Mastering Thanksgiving With Family



Ann Luce, back row, second from left, begins the dinner with prayer on Jan. 26, 2018 in Minneapolis, Minn. Two families, their children and occasionally their friends have been dining together weekly for about 30 years. (David Joles/Minneapolis Star Tribune/TNS)

Peter Schlachte

Hayden G asks, “How do I deal with my relatives during Thanksgiving?”

Dear Hayden,

This is likely the most important and challenging question that I will ever answer. Allow me to begin with an anecdote: at age seven, I attended Thanksgiving with my cousins from Florida. I was stuffing myself with a second helping of sweet potatoes and canned cranberry sauce when Grandpa Benjamin posited that my peewee football team had been obliterated every game this season because a well-trained chimpanzee would have been a more accurate quarterback than me. In response, I threw the turkey at Grandpa Benjamin’s head and screamed, “How’s that for accuracy, you old fart.” I haven’t been invited to Thanksgiving since. You may doubt my qualifications to answer this question, but I assure you, for the past 29 years, I’ve pondered nothing more seriously than the question of how to redeem my Thanksgiving faux pas.

The truthful answer: I’ve accepted that there’s only one solution to breaking bread with relatives at Thanksgiving: sabotage. Carefully planned, exquisitely staged sabotage. The good news? Sabotage is shockingly simple.

Step one: procure unholy amounts of alcohol. I suggest that you provide alcoholic eggnog during dinner for a variety of reasons: it fits the holiday spirit; the combination of dairy and liquor is unparalleled for causing vomit-inducing stomach aches; and lactose-intolerance is one of the world’s most common food allergies, so one of your relatives is certain to suffer.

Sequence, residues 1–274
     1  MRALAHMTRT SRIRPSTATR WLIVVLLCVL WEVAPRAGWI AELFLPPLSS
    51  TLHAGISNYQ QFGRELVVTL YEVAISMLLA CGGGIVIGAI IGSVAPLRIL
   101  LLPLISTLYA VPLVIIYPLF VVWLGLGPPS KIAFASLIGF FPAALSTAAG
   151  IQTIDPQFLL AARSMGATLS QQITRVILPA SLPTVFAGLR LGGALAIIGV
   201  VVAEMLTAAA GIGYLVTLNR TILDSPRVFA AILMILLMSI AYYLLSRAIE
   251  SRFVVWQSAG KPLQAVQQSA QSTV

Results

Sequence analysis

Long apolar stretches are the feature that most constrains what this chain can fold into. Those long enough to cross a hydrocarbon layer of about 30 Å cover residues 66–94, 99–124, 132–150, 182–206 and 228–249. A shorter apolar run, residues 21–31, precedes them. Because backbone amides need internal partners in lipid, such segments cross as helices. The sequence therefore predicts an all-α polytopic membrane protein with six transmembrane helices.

Step two: hire a small child to be your “daughter” for the evening. Explain to your shocked relatives that, synonymous to Drake, you’ve been hiding a secret child born out of wedlock. This works even better if you’re a college student. Tell your “daughter” to whisper compliments in your ear, but loudly enough that the whole table can hear. Examples include: “Uncle Todd’s hairpiece matches his eyebrows perfectly,” or “Cousin Jimmy’s face tattoo really accentuates his cheekbones.” Just as a good gardener nourishes her plants to produce a bountiful harvest, you must nourish your relatives’ egos to reap the rewards of sweet sabotage.

Step three: suggest that everyone plays “the secret game” — a game where each participant anonymously places their deepest secret in a hat and the group guesses who the secret belongs to. The game was invented for the sole purpose of ruining friendships and skyrocketing social anxiety, but because your relatives are drunk and feeling good-natured about your “daughter’s” compliments, they’ll agree immediately. During the game, Aunt Janice will inevitably admit that her twenty-four year old son is adopted and cousin Logan will proclaim that he made out with cousin Aimee twice because “she’s kinda cute.” Trust me when I say every relative, even your sweet old granny, will have shocking secrets.

If your sabotage goes well enough, your relatives will never speak to you (or each other) again and you can willfully ignore that they even exist for the rest of their short and insignificant lives. I hope this advice helps, and if Touching Tips discontinues abruptly after Thanksgiving, you’ll know it’s because my relatives have actually murdered me. Enjoy Turkey Day!